As San Jose’s neighborhoods endure a spike of homicides, the calls come from all corners for more patrol officers to restore the police department’s depleted ranks. Last week, Chief Chris Moore appropriately responded to the upsurge of violence by committing additional overtime patrol and shifting officers from investigative units to “all gangs all the time.”
Budgetary shortfalls and overworked officers limit the chief’s ability to offer much more than short-term fixes, however. The Mercury News’ account of the departure of former San Jose Police Sgt. Jincy Pace illustrates the painful choices ahead, as tight budgets afford little room for salary increases to prevent the loss of additional officers.
Longer-term solutions require each of us — on all sides of the debate — to acknowledge what we’d prefer not to hear.
Fiscal reform advocates can start by acknowledging that while our actions have avoided hundreds of police layoffs, they have come at a cost. Dozens of officers have fled SJPD’s ranks for better-paying cities, and dozens more have retired. In the most thinly staffed department of any large U.S. city, we have lost officers at a higher rate than we can hire qualified replacements.
Even those recruits may not stay in San Jose for long. Officers who have already seen paychecks shrink by as much as 14 percent will lose the equivalent of another 4 percent with rising retirement contributions next year. Unless we soften the blow in the upcoming contract negotiations, the exodus will continue, leaving San Jose bearing the cost of training officers who will spend their best years serving other cities.
We must continue to curb rising costs for pensions, retiree health care and sick leave payouts to restore hiring and yes, salaries. Yet no matter how successful, those cost reductions will not generate sufficiently immediate savings to restore public safety services to an acceptable level. We will need even more severe cuts in other city services, or else more “revenues” — political code for tax increases.
Yet union leaders must admit that for residents and businesses to support either option, we must put an end to six-figure sick leave payouts, and we must reach final resolution of retirement benefit reforms. No taxpayer wants to pay more without some assurance that their investment will put more officers on the beat.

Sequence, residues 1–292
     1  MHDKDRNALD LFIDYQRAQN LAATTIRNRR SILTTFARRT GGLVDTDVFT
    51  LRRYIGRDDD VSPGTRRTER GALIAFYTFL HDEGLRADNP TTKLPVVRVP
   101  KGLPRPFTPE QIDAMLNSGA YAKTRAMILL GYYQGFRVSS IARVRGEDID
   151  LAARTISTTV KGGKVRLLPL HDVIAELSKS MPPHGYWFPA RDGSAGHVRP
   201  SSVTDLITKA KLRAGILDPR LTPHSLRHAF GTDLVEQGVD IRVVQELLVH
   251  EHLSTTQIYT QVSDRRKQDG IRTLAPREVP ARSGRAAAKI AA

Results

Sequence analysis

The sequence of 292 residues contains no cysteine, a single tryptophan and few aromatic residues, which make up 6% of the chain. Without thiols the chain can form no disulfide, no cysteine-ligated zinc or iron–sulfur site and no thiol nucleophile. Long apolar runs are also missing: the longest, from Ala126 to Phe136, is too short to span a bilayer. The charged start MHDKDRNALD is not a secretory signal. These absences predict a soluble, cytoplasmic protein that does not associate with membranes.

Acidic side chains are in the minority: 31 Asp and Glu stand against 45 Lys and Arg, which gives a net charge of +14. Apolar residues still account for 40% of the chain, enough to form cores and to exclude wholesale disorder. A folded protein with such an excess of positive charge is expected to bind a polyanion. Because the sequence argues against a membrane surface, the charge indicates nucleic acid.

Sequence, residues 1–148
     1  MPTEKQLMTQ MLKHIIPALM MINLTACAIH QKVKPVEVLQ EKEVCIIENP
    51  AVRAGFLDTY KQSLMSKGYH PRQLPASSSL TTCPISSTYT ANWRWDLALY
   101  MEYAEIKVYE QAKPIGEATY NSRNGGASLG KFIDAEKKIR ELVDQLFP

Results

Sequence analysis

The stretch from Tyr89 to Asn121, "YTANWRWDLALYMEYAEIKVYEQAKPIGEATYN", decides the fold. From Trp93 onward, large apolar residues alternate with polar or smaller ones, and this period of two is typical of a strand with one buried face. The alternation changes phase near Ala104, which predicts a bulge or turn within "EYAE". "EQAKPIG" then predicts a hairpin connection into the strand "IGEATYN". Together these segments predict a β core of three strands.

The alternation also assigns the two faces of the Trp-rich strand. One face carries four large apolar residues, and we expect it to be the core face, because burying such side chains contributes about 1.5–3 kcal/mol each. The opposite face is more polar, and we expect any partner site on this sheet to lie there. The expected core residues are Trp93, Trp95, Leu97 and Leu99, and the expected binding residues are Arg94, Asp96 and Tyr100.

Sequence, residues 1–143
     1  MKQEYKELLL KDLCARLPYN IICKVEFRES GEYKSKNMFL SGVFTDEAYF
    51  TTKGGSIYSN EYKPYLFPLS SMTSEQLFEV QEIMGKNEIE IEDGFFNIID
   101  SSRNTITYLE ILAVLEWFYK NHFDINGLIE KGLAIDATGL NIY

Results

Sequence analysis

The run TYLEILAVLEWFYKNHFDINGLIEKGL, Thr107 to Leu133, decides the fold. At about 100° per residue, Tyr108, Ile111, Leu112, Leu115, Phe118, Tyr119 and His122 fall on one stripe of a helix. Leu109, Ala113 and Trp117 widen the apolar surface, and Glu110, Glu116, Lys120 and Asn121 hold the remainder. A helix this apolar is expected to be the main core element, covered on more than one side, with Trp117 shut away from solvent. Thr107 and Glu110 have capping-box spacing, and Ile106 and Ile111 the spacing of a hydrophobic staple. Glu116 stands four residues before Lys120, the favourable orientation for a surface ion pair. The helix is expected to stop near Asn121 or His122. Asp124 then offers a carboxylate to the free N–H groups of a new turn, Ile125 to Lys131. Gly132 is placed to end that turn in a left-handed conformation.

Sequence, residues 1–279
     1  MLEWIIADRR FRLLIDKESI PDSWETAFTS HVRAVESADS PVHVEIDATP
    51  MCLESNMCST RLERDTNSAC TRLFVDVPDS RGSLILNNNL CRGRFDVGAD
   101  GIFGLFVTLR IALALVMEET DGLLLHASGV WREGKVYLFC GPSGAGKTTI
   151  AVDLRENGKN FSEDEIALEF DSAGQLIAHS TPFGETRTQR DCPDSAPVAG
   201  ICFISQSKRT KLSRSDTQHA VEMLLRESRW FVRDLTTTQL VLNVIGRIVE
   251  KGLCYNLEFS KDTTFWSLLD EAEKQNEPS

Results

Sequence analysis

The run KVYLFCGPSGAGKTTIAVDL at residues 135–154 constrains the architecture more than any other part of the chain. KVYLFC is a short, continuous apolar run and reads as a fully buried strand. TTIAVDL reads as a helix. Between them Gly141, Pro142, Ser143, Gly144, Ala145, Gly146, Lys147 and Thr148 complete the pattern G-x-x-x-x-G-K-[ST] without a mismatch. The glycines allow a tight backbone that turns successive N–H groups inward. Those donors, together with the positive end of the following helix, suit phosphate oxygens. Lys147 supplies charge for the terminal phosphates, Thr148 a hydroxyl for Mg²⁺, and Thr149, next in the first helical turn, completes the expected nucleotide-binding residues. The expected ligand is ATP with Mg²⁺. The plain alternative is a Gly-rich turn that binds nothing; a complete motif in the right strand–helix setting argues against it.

Union leaders also must acknowledge that we could better utilize the officers we have by implementing changes to which they’ve long objected. By using retired officers to conduct background checks of new hires, 17 sworn officers can return to patrol. Strategically deploying our 100 reserve officers to assist units like traffic enforcement can free officers for more rigorous assignments. Extending patrol shifts beyond the current six-month rotations can enable officers to better develop relationships within neighborhoods and improve responsiveness.
None of us want to hear that we need to ask for help. We do. In the downtown, several partners have stepped forward in response to our pleas. The San Jose Downtown Association has elicited funding from property owners to pay for additional patrol. The Valley Transportation Authority committed to increase the presence of sheriffs’ deputies along the transit mall in September and to use federal funds to install additional cameras. Santa Clara County Sheriff Laurie Smith and Probation Chief Sheila Mitchell have offered to help with “hot spot” sweeps. District Attorney Jeff Rosen has restored the community prosecution office to target owners unwilling to curb drug, gang, and prostitution activity on their properties. We’ll need all these efforts and more — particularly from our community partners in education, gang prevention, and domestic violence — to make real progress.
My years as a criminal prosecutor have taught me we shouldn’t trust any “simple” solutions to crime. But with an honest dialogue about our shared problems and options, I like our chances.
This piece was published as an op-ed in the August 28, 2012 Mercury News, under my name.